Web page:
During these strange times, we are all starved of attention. Social isolation has multiple ramifications—namely lower productivity, lower self esteem, and general malaise. In these trying times, I am trying to impact my community by creating a small community online. A simple practice that I institute in my daily lesson to promote community and social interaction is having students share “good things” (an activity within the program Capturing Kids Hearts). This seemingly innocuous practice of letting students share good things allows them to feel they are worthy of being acknowledged and are valued members of our community. This sense of community and camaraderie entices students to come back day after day to have their good things heard and to hear the good things of their fellow community members.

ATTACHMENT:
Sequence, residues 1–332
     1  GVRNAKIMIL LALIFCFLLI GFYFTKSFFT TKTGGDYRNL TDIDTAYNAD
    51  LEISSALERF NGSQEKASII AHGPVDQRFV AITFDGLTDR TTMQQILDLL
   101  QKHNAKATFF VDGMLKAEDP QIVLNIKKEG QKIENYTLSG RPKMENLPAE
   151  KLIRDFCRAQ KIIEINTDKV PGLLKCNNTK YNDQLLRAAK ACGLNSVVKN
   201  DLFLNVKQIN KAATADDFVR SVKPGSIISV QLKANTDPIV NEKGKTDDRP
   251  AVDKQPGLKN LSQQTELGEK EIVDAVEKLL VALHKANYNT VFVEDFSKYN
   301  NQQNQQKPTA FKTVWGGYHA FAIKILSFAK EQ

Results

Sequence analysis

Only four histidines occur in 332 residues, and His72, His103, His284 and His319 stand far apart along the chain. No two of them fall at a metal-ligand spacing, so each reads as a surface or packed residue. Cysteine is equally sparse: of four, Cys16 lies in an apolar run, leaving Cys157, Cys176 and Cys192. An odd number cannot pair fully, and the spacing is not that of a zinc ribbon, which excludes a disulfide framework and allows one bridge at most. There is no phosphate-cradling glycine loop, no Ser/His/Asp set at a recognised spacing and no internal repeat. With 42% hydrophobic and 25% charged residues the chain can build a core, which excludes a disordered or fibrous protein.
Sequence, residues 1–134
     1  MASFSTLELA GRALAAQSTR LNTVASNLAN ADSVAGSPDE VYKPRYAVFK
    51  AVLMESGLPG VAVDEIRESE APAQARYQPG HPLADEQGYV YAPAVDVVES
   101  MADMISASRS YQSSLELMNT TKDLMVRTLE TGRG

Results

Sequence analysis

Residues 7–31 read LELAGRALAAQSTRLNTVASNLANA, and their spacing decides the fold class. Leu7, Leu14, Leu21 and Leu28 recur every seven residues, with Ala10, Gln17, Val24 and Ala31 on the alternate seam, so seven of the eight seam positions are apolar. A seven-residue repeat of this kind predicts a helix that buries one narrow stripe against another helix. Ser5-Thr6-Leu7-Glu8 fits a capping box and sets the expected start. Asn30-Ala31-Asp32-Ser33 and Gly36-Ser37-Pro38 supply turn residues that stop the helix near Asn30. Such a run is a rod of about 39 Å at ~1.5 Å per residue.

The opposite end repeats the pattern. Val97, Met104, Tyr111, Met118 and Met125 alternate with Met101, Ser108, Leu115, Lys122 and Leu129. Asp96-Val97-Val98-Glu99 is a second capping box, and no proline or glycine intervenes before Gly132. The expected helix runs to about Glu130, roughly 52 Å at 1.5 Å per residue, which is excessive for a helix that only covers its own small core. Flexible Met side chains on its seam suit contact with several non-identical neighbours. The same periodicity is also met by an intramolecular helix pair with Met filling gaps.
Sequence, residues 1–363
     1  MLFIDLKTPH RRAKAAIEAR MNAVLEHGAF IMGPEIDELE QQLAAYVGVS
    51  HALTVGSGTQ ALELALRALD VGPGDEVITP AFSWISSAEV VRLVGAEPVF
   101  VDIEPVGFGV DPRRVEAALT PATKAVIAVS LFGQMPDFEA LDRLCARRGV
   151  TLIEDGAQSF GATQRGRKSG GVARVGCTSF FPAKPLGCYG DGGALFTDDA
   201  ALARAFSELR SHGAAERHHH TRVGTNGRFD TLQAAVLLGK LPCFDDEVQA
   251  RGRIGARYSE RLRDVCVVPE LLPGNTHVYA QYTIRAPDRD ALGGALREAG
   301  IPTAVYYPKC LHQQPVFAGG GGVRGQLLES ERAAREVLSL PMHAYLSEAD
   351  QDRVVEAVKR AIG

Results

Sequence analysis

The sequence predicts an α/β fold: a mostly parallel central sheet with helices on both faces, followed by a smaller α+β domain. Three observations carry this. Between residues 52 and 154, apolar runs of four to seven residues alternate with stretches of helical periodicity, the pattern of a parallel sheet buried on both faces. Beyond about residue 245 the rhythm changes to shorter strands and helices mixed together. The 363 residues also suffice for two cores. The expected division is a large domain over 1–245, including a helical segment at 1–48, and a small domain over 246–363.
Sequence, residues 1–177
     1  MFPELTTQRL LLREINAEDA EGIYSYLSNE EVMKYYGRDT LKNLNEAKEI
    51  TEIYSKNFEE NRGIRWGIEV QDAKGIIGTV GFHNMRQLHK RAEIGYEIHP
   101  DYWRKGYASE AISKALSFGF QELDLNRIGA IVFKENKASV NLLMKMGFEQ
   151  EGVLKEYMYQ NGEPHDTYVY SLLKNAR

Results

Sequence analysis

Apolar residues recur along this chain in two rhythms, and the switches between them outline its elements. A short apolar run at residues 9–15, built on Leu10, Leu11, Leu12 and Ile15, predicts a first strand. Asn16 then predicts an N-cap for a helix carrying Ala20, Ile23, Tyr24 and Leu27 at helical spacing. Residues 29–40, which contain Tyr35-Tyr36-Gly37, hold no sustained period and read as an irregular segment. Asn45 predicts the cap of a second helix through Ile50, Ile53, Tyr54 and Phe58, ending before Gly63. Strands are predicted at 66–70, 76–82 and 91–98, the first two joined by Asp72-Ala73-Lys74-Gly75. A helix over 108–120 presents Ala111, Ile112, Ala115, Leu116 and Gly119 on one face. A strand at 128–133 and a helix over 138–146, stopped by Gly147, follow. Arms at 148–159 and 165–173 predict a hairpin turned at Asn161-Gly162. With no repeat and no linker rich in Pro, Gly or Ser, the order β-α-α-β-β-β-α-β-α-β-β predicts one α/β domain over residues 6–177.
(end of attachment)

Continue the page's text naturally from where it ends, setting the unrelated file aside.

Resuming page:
Have you ever tried to force a kid to do something? You were probably met with a complete power struggle. To mitigate this issue and enhance students' engagement, I sit with my students and we work as a collective to create our classroom norms. My go-to activities for creating a safe learning environment where student voices are heard are: The Right Family activity, Broken Circle activity, and Sara VanDerWerf’s 100 numbers activity.
These activities guide the students to self discovery and creating norms that are conducive to an effective and inclusive learning environment. To synthesize all the information covered we then utilizing the Build It activity where they work as a group to compile the norms and make our class rules, procedures and norms. By working in concert to create these norms, I ensure buy-in from my students and motivate them to fulfill their part of the social contract we constructed together.